Princess Di is alive and well and living incognito in an ordinary American town in this buzzy fourth novel from the British Ali (In the Kitchen, 2009, etc.).
How did she do it? And why? Those are the biggest questions looming over this speculative fiction. Her movement from one life into another was orchestrated by her top aide and only true confidant, Lawrence Standing. He set up a safe house for her in Brazil, where she was spirited after a nocturnal swim from her yacht. Lawrence oversaw her plastic surgery in Rio and the paperwork for her new identity: Lydia Snaresbrook. As for her reasons, she feared “they” wanted her dead; the press was driving her crazy; most of all, her lifestyle was hurting her boys. This portrait of the princess jibes with the common perception. She was a bundle of contradictions: tough yet fragile; naïve yet suspicious; narcissistic yet empathetic. To these Lawrence adds one more—leaving her boys was both selfish and “her greatest act of selflessness.” Certainly she has been racked by guilt and longing for them in the 10 years since she left. For it’s now 2007, and Lydia has found a comfortable niche in neighborly Kensington. She has her own modest home; a congenial job at a canine shelter; a rock-steady boyfriend, Carson; and three super girlfriends. They don’t pry; she has a good cover story. Lydia is a tamer, emasculated version of the tempestuous Di. The novel has an awkward structure, but its real failing is that Ali has not drilled down into Lydia’s essence. Is she capable of commitment? Unanswered question. By chance, or rather contrivance, there’s a newcomer in town, Grabowski, a paparazzo, one of the Brits who chased Diana. Her extraordinary eyes give her away. Instead of a novel of character, we get the cheap thrill of a cat-and-mouse game, as Grabowski senses the scoop of a lifetime.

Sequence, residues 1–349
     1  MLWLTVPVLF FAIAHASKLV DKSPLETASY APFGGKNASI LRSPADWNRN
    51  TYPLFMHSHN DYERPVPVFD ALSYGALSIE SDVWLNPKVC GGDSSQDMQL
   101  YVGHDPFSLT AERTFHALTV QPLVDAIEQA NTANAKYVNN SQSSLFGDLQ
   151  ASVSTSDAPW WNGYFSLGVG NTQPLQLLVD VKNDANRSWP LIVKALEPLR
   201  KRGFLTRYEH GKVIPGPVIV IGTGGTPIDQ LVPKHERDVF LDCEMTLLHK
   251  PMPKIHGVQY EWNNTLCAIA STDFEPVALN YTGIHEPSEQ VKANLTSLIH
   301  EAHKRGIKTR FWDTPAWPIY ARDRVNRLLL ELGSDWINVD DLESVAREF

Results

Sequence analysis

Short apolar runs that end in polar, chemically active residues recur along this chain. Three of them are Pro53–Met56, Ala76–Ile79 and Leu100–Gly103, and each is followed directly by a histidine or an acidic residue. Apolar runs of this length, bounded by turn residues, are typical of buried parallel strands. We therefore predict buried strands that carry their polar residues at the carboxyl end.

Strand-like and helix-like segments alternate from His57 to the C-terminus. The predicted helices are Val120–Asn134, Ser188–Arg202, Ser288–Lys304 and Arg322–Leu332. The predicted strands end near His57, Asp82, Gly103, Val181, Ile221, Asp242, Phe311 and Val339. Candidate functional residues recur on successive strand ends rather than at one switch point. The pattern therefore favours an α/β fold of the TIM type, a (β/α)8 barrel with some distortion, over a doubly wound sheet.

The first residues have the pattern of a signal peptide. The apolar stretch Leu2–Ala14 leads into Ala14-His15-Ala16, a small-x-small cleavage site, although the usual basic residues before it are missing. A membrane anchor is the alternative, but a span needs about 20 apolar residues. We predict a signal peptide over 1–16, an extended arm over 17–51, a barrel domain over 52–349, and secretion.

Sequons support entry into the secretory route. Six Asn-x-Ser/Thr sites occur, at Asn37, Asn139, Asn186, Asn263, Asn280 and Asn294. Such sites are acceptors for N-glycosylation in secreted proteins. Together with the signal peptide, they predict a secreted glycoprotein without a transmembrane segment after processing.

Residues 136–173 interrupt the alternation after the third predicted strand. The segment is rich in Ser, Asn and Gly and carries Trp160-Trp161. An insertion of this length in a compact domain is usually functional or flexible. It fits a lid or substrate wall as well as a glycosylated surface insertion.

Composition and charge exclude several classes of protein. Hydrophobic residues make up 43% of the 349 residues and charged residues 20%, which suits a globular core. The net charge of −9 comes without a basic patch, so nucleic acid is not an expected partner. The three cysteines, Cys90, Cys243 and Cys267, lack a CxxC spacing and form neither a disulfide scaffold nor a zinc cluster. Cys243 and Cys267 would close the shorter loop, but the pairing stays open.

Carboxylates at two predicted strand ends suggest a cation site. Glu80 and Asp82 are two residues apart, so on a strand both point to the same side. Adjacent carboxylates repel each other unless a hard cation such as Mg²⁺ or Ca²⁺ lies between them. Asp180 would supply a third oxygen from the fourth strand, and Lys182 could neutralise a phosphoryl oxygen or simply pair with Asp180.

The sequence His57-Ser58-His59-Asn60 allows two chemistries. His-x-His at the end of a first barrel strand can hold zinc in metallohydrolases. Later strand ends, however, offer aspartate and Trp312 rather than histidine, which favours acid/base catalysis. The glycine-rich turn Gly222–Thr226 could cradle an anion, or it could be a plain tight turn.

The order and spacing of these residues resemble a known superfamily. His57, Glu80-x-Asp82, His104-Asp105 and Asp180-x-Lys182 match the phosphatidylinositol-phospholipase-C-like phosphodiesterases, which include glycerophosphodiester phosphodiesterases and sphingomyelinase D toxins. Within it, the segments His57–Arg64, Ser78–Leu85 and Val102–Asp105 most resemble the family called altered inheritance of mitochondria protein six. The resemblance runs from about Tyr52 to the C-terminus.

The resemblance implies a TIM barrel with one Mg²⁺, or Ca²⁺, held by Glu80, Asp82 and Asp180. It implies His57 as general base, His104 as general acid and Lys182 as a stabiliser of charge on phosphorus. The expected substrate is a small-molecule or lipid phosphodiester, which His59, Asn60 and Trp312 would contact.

Despite the bold premise, this gifted writer has, uncharacteristically, settled for less.